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In 1989, Francis Fukuyama made his now-famous pronouncement that because "the major alternatives to liberal democracy had exhausted themselves," history as we knew it had reached its end. Ten years later, he revised his argument: we hadn't reached the end of history, he wrote, because we hadn't yet reached the end of science. Arguing that our greatest advances still to come will be in the life sciences, Fukuyama now asks how the ability to modify human behavior will affect ...
In 1989, Francis Fukuyama made his now-famous pronouncement that because "the major alternatives to liberal democracy had exhausted themselves," history as we knew it had reached its end. Ten years later, he revised his argument: we hadn't reached the end of history, he wrote, because we hadn't yet reached the end of science. Arguing that our greatest advances still to come will be in the life sciences, Fukuyama now asks how the ability to modify human behavior will affect liberal democracy.
To re-orient contemporary debate, Fukuyama underlines man's changing understanding of human nature through history: from Plato and Aristotle's belief that man had "natural ends," to the ideals of utopians and dictators of the modern age who sought to remake mankind for ideological ends. Fukuyama persuasively argues that the ultimate prize of the biotechnology revolution-intervention in the "germ-line," the ability to manipulate the DNA of all of one person's descendents-will have profound, and potentially terrible, consequences for our political order, even if undertaken by ordinary parents seeking to "improve" their children.
In Our Posthuman Future, our greatest social philosopher begins to describe the potential effects of exploration on the foundation of liberal democracy: the belief that human beings are equal by nature.
“Invaluable...Rarely has someone entering the policy arena so eloquently and precisely laid out the case for political control of emerging technology.” —Los Angeles Times Book Review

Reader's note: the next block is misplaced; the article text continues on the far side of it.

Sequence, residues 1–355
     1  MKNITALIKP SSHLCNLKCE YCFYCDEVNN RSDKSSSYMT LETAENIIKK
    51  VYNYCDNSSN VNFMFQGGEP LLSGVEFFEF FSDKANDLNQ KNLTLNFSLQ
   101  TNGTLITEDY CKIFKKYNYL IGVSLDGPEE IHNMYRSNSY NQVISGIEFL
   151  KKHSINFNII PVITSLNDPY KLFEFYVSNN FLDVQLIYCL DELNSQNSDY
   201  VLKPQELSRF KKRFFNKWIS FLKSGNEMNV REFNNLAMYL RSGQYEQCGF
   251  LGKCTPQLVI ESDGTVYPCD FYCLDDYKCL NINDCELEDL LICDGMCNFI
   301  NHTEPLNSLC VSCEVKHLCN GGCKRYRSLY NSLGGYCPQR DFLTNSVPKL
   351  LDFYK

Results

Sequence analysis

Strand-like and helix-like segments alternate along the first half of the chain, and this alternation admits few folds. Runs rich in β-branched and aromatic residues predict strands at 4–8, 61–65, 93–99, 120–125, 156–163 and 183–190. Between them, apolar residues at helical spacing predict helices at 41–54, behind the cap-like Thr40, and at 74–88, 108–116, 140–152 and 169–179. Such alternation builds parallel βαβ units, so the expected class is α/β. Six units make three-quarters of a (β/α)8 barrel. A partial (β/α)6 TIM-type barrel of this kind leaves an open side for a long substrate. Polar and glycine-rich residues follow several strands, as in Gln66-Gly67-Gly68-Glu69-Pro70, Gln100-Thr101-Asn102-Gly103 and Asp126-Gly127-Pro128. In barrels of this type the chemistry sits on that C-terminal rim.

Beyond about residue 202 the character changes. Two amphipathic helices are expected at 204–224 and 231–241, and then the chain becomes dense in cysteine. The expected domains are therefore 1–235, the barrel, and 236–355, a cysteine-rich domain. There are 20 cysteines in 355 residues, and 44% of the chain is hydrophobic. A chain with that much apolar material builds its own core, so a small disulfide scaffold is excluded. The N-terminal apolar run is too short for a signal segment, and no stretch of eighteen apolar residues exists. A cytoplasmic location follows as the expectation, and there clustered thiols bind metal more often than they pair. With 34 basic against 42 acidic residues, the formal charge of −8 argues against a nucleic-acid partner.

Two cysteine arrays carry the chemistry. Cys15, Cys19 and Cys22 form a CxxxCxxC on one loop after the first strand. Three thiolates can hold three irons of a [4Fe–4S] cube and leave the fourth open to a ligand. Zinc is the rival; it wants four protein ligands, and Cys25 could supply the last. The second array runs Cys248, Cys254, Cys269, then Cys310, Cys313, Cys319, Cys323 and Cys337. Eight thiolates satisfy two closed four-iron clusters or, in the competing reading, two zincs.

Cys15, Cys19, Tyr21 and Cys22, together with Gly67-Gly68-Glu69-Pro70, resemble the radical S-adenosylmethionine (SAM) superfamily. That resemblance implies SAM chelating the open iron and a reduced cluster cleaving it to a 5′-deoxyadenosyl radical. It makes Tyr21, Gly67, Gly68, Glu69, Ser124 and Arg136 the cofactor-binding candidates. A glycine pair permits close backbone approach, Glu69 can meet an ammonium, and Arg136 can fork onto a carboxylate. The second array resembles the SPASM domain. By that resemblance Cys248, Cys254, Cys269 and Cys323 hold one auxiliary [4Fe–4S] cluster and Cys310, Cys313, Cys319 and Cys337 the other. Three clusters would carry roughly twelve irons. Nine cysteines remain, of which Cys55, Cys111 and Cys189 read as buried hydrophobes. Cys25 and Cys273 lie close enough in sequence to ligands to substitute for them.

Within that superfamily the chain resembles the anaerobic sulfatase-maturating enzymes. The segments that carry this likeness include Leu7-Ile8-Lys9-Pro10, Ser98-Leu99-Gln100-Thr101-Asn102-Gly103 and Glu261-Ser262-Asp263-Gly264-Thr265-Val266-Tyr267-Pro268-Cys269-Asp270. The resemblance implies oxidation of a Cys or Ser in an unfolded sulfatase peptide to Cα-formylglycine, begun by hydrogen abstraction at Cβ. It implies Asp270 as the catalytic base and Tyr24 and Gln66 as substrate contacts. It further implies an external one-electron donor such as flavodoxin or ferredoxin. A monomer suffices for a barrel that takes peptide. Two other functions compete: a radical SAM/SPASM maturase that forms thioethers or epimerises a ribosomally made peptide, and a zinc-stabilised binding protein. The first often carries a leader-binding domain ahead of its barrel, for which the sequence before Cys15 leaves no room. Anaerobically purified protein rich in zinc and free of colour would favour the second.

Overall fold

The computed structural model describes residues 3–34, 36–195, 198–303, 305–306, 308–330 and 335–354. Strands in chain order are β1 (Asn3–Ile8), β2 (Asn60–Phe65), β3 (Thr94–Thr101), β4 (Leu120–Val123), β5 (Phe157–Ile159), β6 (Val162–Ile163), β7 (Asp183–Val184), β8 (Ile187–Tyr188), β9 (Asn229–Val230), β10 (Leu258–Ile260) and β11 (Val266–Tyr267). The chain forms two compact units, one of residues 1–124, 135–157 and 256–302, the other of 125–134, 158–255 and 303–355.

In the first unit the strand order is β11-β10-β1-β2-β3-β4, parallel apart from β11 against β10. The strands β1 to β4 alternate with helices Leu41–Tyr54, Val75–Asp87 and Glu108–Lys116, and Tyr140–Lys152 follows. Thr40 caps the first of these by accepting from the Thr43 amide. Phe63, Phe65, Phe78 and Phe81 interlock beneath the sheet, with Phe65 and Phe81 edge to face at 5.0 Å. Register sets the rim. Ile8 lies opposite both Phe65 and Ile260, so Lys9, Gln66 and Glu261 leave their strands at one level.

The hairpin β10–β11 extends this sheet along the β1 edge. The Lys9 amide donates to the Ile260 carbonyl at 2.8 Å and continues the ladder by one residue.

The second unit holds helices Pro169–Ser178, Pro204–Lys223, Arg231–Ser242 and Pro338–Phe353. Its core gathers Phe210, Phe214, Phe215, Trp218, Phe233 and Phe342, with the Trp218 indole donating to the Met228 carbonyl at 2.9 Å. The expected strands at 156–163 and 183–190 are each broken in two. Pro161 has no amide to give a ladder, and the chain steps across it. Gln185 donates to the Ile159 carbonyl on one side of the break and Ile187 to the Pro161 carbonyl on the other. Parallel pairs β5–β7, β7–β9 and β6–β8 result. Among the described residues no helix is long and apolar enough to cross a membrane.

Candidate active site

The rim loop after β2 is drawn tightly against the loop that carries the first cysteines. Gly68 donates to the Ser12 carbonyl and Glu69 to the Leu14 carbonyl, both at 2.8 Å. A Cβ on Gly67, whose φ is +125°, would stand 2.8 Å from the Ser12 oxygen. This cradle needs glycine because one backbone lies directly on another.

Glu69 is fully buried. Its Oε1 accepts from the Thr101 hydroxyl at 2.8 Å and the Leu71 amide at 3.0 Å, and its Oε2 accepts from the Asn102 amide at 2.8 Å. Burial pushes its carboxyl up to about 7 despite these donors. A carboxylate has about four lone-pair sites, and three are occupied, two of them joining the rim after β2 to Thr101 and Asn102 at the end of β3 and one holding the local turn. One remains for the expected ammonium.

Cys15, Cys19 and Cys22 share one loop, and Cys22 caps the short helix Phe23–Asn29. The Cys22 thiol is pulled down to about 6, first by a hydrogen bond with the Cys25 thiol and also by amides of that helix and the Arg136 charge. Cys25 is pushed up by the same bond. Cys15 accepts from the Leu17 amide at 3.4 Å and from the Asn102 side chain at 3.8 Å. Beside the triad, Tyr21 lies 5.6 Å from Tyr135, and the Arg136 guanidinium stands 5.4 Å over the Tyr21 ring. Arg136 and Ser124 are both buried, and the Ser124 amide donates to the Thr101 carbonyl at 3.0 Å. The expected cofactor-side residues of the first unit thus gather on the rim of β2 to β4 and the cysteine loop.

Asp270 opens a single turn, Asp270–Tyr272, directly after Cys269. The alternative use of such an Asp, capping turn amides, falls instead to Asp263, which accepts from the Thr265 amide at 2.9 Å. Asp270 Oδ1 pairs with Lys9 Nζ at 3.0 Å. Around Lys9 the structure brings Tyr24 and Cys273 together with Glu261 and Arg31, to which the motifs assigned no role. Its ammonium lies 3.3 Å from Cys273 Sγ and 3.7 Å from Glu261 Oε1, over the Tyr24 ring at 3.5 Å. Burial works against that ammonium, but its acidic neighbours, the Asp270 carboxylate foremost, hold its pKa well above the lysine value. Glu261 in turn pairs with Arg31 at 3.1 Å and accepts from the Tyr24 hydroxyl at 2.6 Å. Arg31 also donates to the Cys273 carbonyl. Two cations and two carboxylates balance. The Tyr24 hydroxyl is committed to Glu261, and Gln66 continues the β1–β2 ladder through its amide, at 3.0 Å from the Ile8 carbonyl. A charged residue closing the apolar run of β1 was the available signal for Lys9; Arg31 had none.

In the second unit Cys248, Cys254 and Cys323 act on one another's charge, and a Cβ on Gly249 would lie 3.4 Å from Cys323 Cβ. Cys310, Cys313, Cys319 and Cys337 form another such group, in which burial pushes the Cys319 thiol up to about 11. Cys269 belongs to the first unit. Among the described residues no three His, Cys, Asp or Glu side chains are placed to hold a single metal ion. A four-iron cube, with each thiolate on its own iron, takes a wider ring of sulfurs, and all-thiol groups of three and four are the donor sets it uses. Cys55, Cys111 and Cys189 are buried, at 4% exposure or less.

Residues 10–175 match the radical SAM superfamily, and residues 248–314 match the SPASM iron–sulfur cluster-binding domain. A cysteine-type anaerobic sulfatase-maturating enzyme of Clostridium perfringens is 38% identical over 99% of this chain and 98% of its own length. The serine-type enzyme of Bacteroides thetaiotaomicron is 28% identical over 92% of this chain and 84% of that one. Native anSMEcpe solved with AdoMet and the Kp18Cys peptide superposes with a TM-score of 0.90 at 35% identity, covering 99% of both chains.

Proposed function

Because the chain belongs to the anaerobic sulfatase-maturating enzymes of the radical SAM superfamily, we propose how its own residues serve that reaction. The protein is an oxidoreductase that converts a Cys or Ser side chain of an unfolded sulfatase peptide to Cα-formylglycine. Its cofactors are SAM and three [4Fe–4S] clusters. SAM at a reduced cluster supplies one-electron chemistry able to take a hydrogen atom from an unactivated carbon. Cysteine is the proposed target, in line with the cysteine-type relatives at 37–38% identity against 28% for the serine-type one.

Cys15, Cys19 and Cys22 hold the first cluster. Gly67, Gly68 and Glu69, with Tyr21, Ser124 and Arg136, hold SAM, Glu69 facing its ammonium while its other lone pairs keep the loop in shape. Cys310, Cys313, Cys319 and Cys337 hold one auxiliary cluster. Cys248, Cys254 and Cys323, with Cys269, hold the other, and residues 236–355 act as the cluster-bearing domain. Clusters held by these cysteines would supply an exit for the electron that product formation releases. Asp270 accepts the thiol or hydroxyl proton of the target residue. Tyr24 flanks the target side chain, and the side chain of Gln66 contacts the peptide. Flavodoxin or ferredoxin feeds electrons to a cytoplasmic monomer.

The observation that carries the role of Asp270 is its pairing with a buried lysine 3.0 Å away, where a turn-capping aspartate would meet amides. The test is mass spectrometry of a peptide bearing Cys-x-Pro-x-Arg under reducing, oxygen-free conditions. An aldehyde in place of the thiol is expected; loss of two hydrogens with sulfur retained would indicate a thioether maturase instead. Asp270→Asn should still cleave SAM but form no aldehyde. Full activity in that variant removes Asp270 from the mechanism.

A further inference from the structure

“A timely, thoughtful and well-argued contribution to an important subject.” —The New York Times Book Review
“A provocative argument that raises the nature-versus-nurture debate and questions about the role biology plays in human nature.” —Chicago Tribune
“A lucid overview of the biotechnology revolution and its discontents...For anyone seeking an ideal entry into the biotechnology debate, Fukuyama’s book is it.”—National Review
“This groundbreaking inquiry...provides a remarkably sensible and human vision of what is at stake and what needs to be done.” —Foreign Affairs
“[A] comprehensive guidebook for policymakers.” —Dow Jones
“A cogent and important argument against the technocrats and ‘casual academic Darwinians’ who have so enthusiastically attempted to reduce our humanity to an increasingly implausible and culturally neutral calculus.” —Times Literary Supplement
“In Our Posthuman Future, he has looked past the end of history and described the end of mankind...[An] informative survey of contemporary bioscience and its political implications [and] an effort to lay ethical foundations for policy judgments.” —The American Prospect
|Pt. I||Pathways to the Future|
|1||A Tale of Two Dystopias||3|
|2||Sciences of the Brain||18|
|3||Neuropharmacology and the Control of Behavior||41|
|4||The Prolongation of Life||57|
|6||Why We Should Worry||84|
|Pt. II||Being Human|
|Pt. III||What to Do|
|10||The Political Control of Biotechnology||181|
|11||How Biotechnology Is Regulated Today||195|
|12||Policies for the Future||203|
Posted January 26, 2008